WholeFoods Magazine’s annual retailer survey, published each December, reveals tremendous detail about the variety of independent U.S. natural products stores. At my recent survey seminar for the Southeast Natural Products Association SOHO tradeshow in Orlando, attendees asked me to “build” a model using examples from the survey so retailers could see the impact on the final store. So, let’s build a store!
Departments Drive Results
The survey covers the universe of independent natural products retailers, from those focused almost exclusively on selling vitamins and supplements to more complex fresh-foods operations, with large produce, meat, seafood and prepared foods departments. Each department comes with its own set of labor and inventory requirements and profit margins. Together, these distinct departments combine to form overall store costs and profit performance.
What follows is a department-by-department profile of a model store with 30% of total sales coming from fresh, refrigerated or frozen foods departments—about the minimum level of fresh foods sales you need before shoppers believe you are “in” the fresh foods business. By comparison, Austin, TX-based Whole Foods Market generates an estimated 70% of sales from fresh perishables.
In each example, I will give you gross sales, cost of goods, gross profit, direct labor and pretax profit available for overhead; these are the line items that appear on your Profit & Loss statement. In addition, you will see your inventory turns target for each department; inventory value at retail and wholesale. Your wholesale inventory value appears on your Balance Sheet. Your shrink (i.e., lost sales due to outdated, damaged or unsalable product) should be less than 2% overall, and is baked into the cost of goods line item for each department. In order for you to easily compare across departments, our model store gets 10% of sales from each department, except dry grocery, which gets 50% of sales. While your store will likely differ, the cost and profit comparisons should be useful.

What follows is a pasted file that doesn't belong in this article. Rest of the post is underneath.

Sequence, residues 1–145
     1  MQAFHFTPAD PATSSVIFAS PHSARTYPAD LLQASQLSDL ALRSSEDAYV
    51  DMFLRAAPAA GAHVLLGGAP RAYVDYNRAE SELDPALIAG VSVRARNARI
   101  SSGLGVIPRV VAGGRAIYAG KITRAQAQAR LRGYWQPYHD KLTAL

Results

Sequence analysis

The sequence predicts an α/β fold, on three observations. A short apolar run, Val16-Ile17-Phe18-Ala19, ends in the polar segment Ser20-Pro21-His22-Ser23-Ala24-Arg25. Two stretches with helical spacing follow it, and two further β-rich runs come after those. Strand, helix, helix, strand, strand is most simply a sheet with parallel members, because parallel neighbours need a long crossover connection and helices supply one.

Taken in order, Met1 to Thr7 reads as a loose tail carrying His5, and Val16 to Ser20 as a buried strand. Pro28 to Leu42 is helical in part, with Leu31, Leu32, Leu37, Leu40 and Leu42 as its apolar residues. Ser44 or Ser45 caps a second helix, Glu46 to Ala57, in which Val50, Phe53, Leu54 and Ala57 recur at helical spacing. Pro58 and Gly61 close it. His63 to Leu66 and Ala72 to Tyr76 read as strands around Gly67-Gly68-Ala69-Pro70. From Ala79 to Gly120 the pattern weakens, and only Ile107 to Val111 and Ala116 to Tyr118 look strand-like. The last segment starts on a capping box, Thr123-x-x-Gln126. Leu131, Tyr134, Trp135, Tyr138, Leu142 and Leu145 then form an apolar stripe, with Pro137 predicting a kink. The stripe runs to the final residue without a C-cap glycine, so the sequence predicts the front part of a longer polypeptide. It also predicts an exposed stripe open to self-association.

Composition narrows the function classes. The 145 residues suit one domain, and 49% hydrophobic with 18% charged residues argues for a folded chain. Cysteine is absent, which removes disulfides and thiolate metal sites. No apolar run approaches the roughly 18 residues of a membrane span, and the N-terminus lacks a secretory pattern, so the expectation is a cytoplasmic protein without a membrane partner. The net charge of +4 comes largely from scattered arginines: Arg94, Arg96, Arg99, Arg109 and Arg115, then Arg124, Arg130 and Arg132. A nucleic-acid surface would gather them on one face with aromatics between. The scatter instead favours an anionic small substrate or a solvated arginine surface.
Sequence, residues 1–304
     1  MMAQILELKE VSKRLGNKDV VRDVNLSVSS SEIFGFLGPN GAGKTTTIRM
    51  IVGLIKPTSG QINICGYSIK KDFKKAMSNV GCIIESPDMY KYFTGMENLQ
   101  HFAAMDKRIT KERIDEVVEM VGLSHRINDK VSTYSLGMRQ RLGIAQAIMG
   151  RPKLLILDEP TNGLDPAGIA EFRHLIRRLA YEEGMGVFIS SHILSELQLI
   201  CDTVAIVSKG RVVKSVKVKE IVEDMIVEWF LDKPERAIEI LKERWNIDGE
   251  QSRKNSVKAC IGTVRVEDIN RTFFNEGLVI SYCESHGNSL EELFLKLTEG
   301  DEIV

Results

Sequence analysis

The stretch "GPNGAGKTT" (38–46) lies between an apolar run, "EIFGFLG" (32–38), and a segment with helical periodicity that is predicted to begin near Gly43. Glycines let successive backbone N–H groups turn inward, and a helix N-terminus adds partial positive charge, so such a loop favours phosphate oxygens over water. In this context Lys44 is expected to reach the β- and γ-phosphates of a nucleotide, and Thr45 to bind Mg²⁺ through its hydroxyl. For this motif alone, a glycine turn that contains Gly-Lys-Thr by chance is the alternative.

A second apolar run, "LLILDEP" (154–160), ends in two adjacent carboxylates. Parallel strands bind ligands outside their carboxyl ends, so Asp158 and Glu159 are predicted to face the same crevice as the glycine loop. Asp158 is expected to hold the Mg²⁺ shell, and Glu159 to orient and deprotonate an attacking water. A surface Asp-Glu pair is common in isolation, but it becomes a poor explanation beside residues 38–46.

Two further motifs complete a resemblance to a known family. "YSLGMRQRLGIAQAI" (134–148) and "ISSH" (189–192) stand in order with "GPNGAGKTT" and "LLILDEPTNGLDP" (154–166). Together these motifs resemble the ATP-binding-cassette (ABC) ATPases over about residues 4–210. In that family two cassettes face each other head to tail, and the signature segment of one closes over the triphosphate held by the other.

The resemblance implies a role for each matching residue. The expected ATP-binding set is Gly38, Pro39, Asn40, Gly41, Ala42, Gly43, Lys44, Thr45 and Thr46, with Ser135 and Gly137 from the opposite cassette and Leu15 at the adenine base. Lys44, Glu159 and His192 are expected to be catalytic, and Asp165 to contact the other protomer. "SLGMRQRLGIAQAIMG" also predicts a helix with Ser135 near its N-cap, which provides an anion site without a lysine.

Vitamin and Supplement Department
While fresh perishable foods get most of the attention from the media and from consumers today, it is still true that vitamin and supplement departments contribute more of each dollar of sales to net profits. Even the largest independents with the highest percentage of sales from fresh foods generate significant gross sales and net profits from their nutrition departments.
For example, in a large fresh foods store doing, say, $10 million in total sales with 10% of those sales coming from vitamins and supplements, you still have a $1-million nutrition department likely generating 45% gross profit margin, or $450,000. Because of the higher gross profit margins and lower labor costs of selling vitamins and supplements compared to prepared foods, perhaps 35% (or $350,000 of that $450,000) will “contribute” to pretax net profits.
Fresh produce departments have some of the largest “shrink” from unsalable product of all the departments. In addition, gross margins are limited by the competition and direct labor costs are relatively higher. The result? Just 11% of each sales dollar contributes to net profits. Notice the rapid turnover rate for the inventory: 40 times per year, or about once every nine days.